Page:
* NYSE, Nasdaq at odds over cause of last week’s outage
* J.C.Penney shares drop as top shareholder exits investment
* Futures down: Dow 88 pts, S&P 12 pts, Nasdaq 28 pts
NEW YORK, Aug 27 (Reuters) - U.S. stock index futures fell on Tuesday on rising tension over a possible military response to a chemical weapons attack against Syrian civilians last week.
* U.S. Secretary of State John Kerry on Monday laid the groundwork for possible action against the Syrian government, calling for accountability over what he called a “moral obscenity.”
* Kerry’s words triggered a flight to safety in financial markets, with U.S. stocks turning lower in the last hour of trading on Monday. Asian stocks fell overnight and European shares were sharply lower despite a 16-month high in a measure of German business sentiment.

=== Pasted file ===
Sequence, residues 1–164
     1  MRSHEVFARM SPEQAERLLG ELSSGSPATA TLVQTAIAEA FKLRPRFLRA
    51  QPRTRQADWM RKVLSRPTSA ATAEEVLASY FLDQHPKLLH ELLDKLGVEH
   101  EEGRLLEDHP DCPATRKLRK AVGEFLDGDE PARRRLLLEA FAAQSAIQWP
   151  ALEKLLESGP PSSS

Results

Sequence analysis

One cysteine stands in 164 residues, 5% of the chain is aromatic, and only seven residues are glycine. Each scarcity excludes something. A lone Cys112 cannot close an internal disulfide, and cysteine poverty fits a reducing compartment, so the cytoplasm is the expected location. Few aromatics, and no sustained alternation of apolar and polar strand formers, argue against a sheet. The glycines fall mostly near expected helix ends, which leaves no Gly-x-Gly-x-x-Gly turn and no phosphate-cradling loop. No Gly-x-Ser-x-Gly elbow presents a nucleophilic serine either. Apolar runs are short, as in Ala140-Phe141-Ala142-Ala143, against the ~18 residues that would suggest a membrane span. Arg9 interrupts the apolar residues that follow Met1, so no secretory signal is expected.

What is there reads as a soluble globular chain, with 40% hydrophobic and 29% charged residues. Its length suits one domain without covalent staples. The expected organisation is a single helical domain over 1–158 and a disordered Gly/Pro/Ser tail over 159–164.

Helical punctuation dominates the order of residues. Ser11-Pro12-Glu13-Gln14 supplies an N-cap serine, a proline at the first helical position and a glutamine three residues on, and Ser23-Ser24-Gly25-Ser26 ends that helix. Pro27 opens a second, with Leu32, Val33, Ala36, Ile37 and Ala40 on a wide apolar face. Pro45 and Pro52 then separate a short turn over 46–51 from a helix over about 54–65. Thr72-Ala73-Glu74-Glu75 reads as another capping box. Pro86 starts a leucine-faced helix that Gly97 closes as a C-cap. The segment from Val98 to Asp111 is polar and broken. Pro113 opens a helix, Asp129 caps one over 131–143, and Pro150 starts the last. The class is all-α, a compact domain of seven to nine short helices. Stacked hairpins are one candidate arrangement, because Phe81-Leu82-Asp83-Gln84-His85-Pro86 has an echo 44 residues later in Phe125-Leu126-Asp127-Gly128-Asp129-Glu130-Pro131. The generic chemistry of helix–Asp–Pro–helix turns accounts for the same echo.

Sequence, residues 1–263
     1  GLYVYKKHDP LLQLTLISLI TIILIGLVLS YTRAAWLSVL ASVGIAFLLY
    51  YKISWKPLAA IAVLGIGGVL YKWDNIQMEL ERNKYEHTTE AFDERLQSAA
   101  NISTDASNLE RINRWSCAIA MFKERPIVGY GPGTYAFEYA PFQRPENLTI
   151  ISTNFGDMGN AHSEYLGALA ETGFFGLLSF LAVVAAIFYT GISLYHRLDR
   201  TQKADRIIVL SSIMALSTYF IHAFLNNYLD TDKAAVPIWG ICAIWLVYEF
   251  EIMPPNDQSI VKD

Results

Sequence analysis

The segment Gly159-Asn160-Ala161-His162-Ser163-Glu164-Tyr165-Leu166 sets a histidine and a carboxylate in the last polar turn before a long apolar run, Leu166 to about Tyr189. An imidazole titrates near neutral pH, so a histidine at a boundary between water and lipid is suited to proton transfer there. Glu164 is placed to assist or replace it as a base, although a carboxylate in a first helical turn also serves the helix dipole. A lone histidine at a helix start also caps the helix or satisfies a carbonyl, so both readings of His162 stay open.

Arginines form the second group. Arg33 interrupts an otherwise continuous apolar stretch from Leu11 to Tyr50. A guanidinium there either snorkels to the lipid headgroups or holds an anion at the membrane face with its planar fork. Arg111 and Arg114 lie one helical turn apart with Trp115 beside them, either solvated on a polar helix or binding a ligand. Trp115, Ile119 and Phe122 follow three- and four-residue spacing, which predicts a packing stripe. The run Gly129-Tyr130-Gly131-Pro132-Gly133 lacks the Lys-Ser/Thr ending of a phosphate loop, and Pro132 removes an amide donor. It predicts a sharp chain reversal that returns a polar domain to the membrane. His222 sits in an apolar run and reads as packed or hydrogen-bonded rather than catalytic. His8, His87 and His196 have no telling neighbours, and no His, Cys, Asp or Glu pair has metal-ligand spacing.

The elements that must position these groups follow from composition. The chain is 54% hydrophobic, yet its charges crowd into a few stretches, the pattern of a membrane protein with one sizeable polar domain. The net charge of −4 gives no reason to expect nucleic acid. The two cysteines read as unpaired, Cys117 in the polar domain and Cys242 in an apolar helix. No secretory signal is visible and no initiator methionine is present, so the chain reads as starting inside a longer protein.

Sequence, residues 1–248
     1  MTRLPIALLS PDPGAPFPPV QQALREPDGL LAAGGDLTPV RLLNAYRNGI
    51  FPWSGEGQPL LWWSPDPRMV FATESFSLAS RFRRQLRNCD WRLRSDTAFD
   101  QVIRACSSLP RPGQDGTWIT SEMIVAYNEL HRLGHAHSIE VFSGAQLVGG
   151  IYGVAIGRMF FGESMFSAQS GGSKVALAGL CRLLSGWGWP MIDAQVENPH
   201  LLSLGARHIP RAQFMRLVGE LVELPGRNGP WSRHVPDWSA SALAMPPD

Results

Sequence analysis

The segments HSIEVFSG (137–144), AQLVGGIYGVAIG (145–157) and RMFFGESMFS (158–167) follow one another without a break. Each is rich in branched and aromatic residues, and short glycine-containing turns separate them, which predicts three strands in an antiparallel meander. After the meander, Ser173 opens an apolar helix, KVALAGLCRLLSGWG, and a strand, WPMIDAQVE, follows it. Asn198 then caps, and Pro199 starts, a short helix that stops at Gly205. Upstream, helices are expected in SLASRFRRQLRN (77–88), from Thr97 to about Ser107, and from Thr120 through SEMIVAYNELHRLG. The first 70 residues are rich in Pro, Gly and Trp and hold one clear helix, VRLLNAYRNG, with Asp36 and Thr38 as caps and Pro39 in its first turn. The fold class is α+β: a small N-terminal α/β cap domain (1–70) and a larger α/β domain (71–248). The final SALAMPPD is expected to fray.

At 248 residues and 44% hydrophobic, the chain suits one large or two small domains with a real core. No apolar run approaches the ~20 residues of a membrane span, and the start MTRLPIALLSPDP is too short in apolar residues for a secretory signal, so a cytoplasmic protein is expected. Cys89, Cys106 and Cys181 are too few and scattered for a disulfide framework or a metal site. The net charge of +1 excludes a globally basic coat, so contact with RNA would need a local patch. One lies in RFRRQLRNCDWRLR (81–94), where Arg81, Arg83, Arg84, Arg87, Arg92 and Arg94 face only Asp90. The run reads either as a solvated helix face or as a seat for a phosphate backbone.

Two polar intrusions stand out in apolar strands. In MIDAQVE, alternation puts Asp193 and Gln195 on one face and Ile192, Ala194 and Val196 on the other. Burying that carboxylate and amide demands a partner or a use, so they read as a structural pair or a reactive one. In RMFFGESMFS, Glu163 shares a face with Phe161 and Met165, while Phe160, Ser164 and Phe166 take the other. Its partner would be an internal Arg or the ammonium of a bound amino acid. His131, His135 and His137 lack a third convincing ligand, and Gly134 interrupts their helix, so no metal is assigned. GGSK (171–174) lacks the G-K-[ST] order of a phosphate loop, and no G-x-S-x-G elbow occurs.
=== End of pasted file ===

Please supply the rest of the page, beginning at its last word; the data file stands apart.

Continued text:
* Gold prices hit an 11-week high and the yen rose as the geopolitical tension lured investors towards safe-haven buying.
* S&P 500 futures fell 12 points and were below fair value, a formula that evaluates pricing by taking into account interest rates, dividends and time to expiration on the contract. Dow Jones industrial average futures fell 88 points, and Nasdaq 100 futures lost 28 points.
* Five days after a glitch that paralyzed Nasdaq-listed stocks for three hours on all U.S. markets, Nasdaq OMX and NYSE Euronext have a different understanding of what happened in the period preceding and during the blackout, with each side blaming the other for the outage, according to sources.
* Shares of J.C.Penney fell 3 percent in premarket trading a day after hedge fund manager William Ackman, the biggest share holder, said he had sold his entire stake after his campaign to overhaul the retailer failed.
* Richard Schulze, the founder and largest shareholder of Best Buy, has informed the world’s largest consumer electronics chain about his plan to start selling its stock starting this fall, according to a regulatory filing.